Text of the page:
Gretel Egan | April 15, 2015

Risky Business: Phishing and Smishing Attacks

Last updated: January 16, 2019

Wombat_Phishing2015Phishing and smishing (SMS/text message phishing) attacks are pummeling email accounts and devices worldwide, and it’s foolish to believe that all are as transparent as the Nigerian prince scam (which continues to bear fruit, by the way, in old and new forms). A good many of these messages are extremely sophisticated and difficult to spot  and they’re winning at a high-stakes game.  In addition to the growing monetary impacts related to business email compromise (BEC) attacks, fraudsters are gaining access to login credentials, intellectual property (IP), customer data, and insider information, wreaking havoc on networks, systems, and consumer confidence. How to fight these pervasive threats? As Andrew Walls, a vice president at Gartner, Inc., told TechTarget, “Employees can play a major role in detecting and responding effectively to social engineering threats, but the most effective approach is to combine employee-based risk management with automated, infrastructure-based risk management.”

We agree; but as we’ve noted before, not all security awareness training programs deliver the same results. A successful phishing attack on the White House is an excellent case in point. As Nextgov reported, a phishing email workshop had been offered to personnel shortly before that attack as part of a yearly training series, Cybersecurity Online Learning. According to Nextgov, “All federal security employees were invited to participate in the 90-minute online training session. But no one from the White House watched.”

Clearly, providing training that end users don’t see is akin to providing no training at all. But we can’t say we’re surprised to know that people who were given the option of attending a 90-minute session chose to decline the invitation. 

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Three Tips for Reducing Phishing Risk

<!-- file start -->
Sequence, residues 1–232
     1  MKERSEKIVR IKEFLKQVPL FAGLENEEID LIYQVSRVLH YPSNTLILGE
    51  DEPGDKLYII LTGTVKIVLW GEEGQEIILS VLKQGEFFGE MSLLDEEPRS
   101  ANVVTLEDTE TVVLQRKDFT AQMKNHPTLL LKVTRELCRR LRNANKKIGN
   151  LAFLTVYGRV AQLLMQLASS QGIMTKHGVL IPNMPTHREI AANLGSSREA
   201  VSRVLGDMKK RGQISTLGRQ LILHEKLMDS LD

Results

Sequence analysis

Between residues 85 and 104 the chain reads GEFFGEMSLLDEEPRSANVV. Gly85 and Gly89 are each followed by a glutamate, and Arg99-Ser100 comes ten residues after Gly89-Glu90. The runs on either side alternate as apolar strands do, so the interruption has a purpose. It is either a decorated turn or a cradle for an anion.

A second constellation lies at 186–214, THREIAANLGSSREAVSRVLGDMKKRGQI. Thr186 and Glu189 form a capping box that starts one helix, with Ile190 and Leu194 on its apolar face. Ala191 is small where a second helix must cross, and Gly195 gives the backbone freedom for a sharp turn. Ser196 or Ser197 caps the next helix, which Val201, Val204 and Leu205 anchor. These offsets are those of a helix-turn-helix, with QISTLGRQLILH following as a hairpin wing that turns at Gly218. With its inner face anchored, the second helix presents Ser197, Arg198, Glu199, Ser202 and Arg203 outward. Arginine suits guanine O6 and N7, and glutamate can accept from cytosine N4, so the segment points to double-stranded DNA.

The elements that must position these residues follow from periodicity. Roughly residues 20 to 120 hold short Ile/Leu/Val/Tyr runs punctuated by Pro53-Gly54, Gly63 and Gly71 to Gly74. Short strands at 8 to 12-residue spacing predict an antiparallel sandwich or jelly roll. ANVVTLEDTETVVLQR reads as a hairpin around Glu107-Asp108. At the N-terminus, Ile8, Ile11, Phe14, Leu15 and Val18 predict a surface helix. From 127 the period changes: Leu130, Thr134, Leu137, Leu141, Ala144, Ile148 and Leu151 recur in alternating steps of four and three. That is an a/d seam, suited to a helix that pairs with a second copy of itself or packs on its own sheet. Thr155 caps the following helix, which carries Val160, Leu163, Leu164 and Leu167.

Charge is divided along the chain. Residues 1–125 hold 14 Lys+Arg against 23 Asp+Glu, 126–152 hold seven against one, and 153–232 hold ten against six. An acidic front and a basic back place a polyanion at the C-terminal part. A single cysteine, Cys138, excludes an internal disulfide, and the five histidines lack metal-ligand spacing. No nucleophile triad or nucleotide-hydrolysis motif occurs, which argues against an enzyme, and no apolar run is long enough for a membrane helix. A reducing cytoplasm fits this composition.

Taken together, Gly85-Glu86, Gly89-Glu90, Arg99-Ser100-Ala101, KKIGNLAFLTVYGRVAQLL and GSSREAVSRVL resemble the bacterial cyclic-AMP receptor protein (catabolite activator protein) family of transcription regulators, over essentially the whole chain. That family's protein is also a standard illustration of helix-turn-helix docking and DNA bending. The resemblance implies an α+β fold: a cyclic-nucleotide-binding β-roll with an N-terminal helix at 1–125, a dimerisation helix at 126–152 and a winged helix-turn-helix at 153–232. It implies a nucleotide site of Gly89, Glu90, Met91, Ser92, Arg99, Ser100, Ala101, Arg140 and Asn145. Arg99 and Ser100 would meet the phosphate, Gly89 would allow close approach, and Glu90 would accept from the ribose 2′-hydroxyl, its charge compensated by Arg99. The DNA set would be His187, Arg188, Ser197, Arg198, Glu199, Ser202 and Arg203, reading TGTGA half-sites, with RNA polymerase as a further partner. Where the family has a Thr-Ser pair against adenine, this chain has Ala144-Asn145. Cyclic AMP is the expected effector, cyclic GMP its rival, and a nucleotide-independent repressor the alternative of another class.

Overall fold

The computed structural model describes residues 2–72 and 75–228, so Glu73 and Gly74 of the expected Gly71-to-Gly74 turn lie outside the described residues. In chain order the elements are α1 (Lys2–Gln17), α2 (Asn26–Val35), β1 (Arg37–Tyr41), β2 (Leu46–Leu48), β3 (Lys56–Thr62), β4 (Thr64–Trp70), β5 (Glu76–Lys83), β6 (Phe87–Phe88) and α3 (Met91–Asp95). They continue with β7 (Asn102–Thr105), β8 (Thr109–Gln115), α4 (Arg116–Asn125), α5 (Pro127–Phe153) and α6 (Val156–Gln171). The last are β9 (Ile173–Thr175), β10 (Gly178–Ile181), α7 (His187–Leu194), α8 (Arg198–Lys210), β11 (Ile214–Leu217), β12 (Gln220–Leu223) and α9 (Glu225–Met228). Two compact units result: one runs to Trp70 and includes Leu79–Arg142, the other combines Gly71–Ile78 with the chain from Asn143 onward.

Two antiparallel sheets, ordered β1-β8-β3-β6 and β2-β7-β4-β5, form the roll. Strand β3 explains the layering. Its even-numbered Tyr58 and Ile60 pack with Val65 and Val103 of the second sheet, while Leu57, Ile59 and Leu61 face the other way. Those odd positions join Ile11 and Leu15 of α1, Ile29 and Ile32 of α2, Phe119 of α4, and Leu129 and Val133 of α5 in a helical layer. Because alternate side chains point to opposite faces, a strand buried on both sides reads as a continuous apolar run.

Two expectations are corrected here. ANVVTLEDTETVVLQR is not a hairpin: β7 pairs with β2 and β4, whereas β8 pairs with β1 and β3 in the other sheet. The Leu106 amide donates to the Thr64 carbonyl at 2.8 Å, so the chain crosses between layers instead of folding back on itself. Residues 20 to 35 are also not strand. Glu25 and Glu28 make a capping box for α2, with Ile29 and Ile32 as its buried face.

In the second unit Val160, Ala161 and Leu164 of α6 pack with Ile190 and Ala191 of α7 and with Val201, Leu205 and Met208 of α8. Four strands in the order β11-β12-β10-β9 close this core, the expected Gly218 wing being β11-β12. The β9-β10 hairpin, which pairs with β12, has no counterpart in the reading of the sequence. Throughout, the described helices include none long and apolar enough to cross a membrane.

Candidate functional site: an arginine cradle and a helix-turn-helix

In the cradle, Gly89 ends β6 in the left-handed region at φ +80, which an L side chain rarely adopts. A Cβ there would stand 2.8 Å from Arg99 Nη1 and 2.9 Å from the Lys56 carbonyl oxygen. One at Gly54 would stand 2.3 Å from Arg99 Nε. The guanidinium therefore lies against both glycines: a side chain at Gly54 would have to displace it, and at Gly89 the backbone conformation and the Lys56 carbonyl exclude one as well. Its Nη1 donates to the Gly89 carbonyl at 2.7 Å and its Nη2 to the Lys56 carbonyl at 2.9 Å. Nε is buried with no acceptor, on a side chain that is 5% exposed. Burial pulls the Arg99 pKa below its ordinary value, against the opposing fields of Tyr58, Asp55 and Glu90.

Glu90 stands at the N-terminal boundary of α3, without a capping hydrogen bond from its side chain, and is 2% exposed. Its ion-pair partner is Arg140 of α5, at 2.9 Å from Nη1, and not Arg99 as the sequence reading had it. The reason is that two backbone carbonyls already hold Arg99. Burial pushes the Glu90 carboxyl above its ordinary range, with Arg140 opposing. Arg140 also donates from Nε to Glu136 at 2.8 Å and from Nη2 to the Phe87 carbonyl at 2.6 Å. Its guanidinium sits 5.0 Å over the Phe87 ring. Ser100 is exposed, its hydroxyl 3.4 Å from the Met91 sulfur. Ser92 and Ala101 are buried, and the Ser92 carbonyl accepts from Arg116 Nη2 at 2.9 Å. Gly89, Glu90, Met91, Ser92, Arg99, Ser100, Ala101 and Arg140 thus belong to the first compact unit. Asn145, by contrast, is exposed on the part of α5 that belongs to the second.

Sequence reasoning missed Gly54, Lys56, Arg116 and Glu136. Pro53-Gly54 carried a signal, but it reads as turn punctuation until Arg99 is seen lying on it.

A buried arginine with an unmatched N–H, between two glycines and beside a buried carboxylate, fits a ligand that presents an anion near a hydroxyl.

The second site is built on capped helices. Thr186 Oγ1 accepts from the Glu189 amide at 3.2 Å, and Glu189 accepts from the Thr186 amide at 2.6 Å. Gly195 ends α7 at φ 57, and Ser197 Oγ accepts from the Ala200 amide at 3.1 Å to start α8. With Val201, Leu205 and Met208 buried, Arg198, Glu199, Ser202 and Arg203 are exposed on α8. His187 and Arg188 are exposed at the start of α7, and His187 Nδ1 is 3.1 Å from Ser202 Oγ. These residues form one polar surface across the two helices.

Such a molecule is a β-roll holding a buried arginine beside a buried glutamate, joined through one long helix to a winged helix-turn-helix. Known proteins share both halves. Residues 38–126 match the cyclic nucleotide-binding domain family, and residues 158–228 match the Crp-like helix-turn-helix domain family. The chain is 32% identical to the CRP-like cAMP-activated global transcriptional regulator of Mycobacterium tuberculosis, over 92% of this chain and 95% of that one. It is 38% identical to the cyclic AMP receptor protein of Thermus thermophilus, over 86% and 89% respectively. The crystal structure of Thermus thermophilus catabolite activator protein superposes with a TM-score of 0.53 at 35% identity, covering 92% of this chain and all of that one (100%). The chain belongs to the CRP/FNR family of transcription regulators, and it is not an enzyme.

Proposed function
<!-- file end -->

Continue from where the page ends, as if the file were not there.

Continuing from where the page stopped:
Phishing and smishing threats are likely to persist for years — if not decades — to come. But the risk you face from these threats depends on your infrastructure and your employees. Our Continuous Training Methodology takes a unique, 360-degree view cybersecurity education. One-and-done methods and once-a-year mammoth videos and presentations aren’t as effective as our interactive approach, which delivers “bite-sized” training about specific topics. Education that is delivered at regular intervals and in digestible chunks builds a culture of awareness, changes user behaviors, and keeps cybersecurity top-of-mind for employees year round. 

Consider this: If you aren’t helping your employees identify the hallmarks of suspicious email and text messages, they are almost certainly putting their personal information and your systems at risk. As you weigh the benefits of effective security education, share these three tips with your end users to get on the path to risk reduction:

  • Think before you click – One of our customers’ IT security officers told us that a targeted training goal was to have their employees pause before they interacted with a new message. “We felt that if we could gain a second or even a half of a second pause between the moment when an employee sees a link or a file and the moment when [he or she] clicks, in that gap lies the opportunity for a thought process in which the user ultimately decides, ‘Maybe this isn’t safe. Maybe I shouldn’t do this.’” The customer gained that advantage and then some, reducing malware infections by 42% using our methodology.
  • Don’t be afraid to follow up – A message can look and even sound legitimate but still set off a warning bell. For example, an email that comes from a corporate IT address and tells you to download new security software can seem trustworthy; it appears real and is on topic. But would that really be the process your IT department would follow? It takes just a minute to confirm a questionable message with the sender, whether it’s a coworker, internal department, financial institution, or other entity.
  • Report suspicious messages – Fraudsters will often send the same message to hundreds or even thousands of accounts. It’s not uncommon for numerous people in a company to be included in a single attack. Any email or text that seems suspicious or asks for sensitive corporate or personal information should be reported according to identified company processes (or via our PhishAlarm® reporting button). This could help identify a problem early, before unsuspecting users expose themselves and your organization to dangers.

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